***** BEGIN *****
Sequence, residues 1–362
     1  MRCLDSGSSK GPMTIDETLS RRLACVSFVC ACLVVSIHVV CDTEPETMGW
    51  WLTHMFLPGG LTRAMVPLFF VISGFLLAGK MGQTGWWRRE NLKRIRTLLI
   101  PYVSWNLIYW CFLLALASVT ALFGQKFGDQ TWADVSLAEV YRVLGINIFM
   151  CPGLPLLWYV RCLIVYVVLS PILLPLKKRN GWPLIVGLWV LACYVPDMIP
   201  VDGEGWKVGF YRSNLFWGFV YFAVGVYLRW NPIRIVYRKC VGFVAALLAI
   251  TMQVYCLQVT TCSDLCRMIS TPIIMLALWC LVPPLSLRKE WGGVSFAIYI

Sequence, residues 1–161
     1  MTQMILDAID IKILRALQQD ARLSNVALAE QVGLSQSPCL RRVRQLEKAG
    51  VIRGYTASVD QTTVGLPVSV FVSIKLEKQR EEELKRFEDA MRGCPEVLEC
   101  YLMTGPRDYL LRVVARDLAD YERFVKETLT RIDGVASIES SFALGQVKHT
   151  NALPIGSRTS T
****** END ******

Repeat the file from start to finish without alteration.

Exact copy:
Sequence, residues 1–362
     1  MRCLDSGSSK GPMTIDETLS RRLACVSFVC ACLVVSIHVV CDTEPETMGW
    51  WLTHMFLPGG LTRAMVPLFF VISGFLLAGK MGQTGWWRRE NLKRIRTLLI
   101  PYVSWNLIYW CFLLALASVT ALFGQKFGDQ TWADVSLAEV YRVLGINIFM
   151  CPGLPLLWYV RCLIVYVVLS PILLPLKKRN GWPLIVGLWV LACYVPDMIP
   201  VDGEGWKVGF YRSNLFWGFV YFAVGVYLRW NPIRIVYRKC VGFVAALLAI
   251  TMQVYCLQVT TCSDLCRMIS TPIIMLALWC LVPPLSLRKE WGGVSFAIYI

Sequence, residues 1–161
     1  MTQMILDAID IKILRALQQD ARLSNVALAE QVGLSQSPCL RRVRQLEKAG
    51  VIRGYTASVD QTTVGLPVSV FVSIKLEKQR EEELKRFEDA MRGCPEVLEC
   101  YLMTGPRDYL LRVVARDLAD YERFVKETLT RIDGVASIES SFALGQVKHT
   151  NALPIGSRTS T